Transportation – Ports Association Criticizes Johnson’s Tunnel Plans for Northern Ireland – Economy

Transportation - Ports Association Criticizes Johnson's Tunnel Plans for Northern Ireland - Economy

LONDON (AP) – The British Ports Association (BPA) has criticized Prime Minister Boris Johnson’s plans to build a tunnel in the Northern Province of Ireland.

A fixed connection is an overcrowded project, especially since other modes of transport will have very little money with “huge financial gains,” said BPA boss Richard Ballantine. If the government distributes money to other transport providers, it will get more sustainable value added. “There are many maritime connections between the UK and Ireland that offer jobs and opportunities elsewhere.”

In addition, Ballantine said the project is harmful to the environment. “The connection will significantly increase greenhouse gas emissions if traffic is diverted from shipping to road, which is a carbon-efficient mode of transportation.”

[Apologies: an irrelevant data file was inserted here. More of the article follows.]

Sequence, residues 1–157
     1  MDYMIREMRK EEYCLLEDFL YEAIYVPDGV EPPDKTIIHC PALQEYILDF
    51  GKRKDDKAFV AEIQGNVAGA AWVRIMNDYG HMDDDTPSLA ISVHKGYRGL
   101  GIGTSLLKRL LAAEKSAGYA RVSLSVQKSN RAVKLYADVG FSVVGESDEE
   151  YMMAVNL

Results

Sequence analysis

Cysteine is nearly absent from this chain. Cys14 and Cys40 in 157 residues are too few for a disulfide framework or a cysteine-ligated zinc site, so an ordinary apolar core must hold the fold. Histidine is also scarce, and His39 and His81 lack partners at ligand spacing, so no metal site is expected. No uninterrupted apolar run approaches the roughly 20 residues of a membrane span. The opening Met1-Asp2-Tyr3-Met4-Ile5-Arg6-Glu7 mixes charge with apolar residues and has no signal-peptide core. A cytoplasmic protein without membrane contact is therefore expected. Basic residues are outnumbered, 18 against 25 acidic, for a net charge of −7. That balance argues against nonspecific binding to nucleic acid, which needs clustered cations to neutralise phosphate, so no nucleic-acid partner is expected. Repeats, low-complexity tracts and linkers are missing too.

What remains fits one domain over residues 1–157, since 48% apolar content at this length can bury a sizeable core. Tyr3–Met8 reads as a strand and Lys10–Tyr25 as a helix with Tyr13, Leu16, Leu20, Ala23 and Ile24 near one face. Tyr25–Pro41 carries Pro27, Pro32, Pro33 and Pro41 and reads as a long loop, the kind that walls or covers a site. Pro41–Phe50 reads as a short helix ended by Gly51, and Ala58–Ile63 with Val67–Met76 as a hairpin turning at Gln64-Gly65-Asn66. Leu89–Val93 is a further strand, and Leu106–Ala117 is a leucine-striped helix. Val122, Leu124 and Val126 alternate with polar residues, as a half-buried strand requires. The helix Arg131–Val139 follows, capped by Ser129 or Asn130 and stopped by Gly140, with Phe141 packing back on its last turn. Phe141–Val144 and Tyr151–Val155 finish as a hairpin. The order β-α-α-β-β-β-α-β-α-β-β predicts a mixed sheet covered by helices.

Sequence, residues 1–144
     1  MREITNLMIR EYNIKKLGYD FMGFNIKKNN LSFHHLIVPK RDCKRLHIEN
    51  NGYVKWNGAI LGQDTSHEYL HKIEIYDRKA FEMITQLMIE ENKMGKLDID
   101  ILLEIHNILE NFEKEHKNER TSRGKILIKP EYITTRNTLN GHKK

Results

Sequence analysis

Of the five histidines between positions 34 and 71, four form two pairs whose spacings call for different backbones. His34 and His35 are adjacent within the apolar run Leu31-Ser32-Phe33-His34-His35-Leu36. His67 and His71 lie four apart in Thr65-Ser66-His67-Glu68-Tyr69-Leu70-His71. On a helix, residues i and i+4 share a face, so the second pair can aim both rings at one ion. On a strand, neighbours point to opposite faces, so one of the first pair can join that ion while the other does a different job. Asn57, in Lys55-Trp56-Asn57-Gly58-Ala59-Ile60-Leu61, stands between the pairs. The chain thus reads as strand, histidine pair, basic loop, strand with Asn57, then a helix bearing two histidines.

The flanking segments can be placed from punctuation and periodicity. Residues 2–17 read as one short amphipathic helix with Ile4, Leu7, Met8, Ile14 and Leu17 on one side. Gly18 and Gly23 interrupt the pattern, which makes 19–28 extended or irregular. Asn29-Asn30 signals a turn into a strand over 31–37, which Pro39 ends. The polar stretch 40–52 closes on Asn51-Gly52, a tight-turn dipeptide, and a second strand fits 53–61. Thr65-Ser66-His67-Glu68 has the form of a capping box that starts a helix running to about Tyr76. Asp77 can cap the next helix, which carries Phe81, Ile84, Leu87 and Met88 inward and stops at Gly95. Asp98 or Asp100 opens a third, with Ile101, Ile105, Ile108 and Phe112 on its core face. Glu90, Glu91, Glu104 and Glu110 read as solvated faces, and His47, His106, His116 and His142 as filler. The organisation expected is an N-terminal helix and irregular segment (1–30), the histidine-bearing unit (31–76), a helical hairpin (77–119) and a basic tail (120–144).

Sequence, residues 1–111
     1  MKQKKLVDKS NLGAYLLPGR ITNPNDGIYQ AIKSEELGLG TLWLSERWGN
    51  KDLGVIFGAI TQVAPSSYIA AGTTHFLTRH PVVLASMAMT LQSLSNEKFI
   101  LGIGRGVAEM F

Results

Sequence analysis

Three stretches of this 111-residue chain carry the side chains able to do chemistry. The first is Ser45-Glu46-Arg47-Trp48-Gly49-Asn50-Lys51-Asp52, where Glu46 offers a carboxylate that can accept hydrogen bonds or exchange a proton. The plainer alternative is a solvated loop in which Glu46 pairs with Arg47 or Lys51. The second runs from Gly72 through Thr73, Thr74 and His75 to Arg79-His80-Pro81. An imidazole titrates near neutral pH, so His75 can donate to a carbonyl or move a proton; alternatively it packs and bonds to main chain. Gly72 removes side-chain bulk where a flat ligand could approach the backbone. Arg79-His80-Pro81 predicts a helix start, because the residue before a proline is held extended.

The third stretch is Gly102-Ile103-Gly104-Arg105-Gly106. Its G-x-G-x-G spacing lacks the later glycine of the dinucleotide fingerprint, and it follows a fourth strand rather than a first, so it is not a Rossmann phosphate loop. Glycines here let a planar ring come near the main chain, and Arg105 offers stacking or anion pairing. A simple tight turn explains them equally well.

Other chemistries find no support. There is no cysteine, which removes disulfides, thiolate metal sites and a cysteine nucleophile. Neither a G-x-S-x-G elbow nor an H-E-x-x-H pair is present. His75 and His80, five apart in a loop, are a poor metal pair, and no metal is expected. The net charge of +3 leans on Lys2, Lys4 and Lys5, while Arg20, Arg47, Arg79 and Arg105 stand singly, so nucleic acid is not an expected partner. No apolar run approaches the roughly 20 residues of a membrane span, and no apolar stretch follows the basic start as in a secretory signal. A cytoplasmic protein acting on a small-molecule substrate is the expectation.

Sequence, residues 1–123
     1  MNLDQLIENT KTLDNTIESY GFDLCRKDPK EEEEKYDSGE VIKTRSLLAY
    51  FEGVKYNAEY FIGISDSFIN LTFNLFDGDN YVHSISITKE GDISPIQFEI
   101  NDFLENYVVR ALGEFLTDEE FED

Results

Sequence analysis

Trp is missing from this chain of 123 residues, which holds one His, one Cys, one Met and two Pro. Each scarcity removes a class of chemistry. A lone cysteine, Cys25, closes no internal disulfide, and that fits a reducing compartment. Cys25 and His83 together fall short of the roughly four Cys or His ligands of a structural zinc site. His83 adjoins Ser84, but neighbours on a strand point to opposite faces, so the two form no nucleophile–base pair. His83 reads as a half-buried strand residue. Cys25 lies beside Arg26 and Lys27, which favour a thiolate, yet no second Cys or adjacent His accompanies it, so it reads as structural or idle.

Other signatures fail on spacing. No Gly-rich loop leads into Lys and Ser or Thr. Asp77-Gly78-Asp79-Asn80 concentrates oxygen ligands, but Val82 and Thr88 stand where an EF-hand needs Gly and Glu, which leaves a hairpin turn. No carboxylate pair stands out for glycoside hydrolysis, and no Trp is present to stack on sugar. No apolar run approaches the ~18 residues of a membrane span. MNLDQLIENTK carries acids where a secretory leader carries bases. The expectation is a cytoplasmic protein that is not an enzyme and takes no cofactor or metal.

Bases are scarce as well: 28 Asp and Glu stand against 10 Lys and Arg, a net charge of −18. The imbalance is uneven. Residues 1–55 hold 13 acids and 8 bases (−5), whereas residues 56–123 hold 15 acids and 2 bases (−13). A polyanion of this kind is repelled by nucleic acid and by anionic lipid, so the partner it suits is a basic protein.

The Scottish local government has also criticized the plan, which is currently being examined by Johnson’s government. Transport Minister Michael Mathewson said transport links across the Irish Sea were not a priority. This is just a “vanity project” by Johnson. The Prime Minister wanted to weaken the powers of local governments. The Scottish Government seeks secession from Great Britain. Northern Ireland’s Deputy Prime Minister Michelle O’Neill has spoken out against Sinn Fെയ്in’s support for the reunification of EU state Ireland.

Johnson repeatedly spoke in favor of a lasting relationship between Great Britain and Northern Ireland. A tunnel between Scotland and Northern Ireland is estimated to cost $ 20 billion ($ 23.36 billion), and a bridge is unrealistic due to the depth of the sea and strong winds in the Irish Sea. The Minister of Transport defended the Grant Shops project. It is important to connect all parts of the UK as closely as possible, he told the BBC.

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Johnson wants to use this relationship to strengthen British unity, as there have been delivery problems between Great Britain and Northern Ireland as a result of Brexit. BPA boss Balentine said a tunnel would not change trade difficulties. Customs restrictions and other restrictions still exist.

© dpa-infocom, dpa: 210311-99-778485 / 2

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